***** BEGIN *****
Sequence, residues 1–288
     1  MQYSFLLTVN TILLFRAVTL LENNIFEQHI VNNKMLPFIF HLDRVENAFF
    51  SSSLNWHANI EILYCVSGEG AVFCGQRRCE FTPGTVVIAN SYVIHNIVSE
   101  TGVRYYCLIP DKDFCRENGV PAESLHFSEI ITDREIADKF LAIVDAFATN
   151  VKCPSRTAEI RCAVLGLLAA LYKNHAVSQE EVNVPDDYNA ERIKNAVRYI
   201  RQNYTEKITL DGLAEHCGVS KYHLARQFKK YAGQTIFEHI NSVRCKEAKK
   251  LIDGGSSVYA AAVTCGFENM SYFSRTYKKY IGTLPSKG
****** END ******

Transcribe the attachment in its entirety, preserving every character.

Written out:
Sequence, residues 1–288
     1  MQYSFLLTVN TILLFRAVTL LENNIFEQHI VNNKMLPFIF HLDRVENAFF
    51  SSSLNWHANI EILYCVSGEG AVFCGQRRCE FTPGTVVIAN SYVIHNIVSE
   101  TGVRYYCLIP DKDFCRENGV PAESLHFSEI ITDREIADKF LAIVDAFATN
   151  VKCPSRTAEI RCAVLGLLAA LYKNHAVSQE EVNVPDDYNA ERIKNAVRYI
   201  RQNYTEKITL DGLAEHCGVS KYHLARQFKK YAGQTIFEHI NSVRCKEAKK
   251  LIDGGSSVYA AAVTCGFENM SYFSRTYKKY IGTLPSKG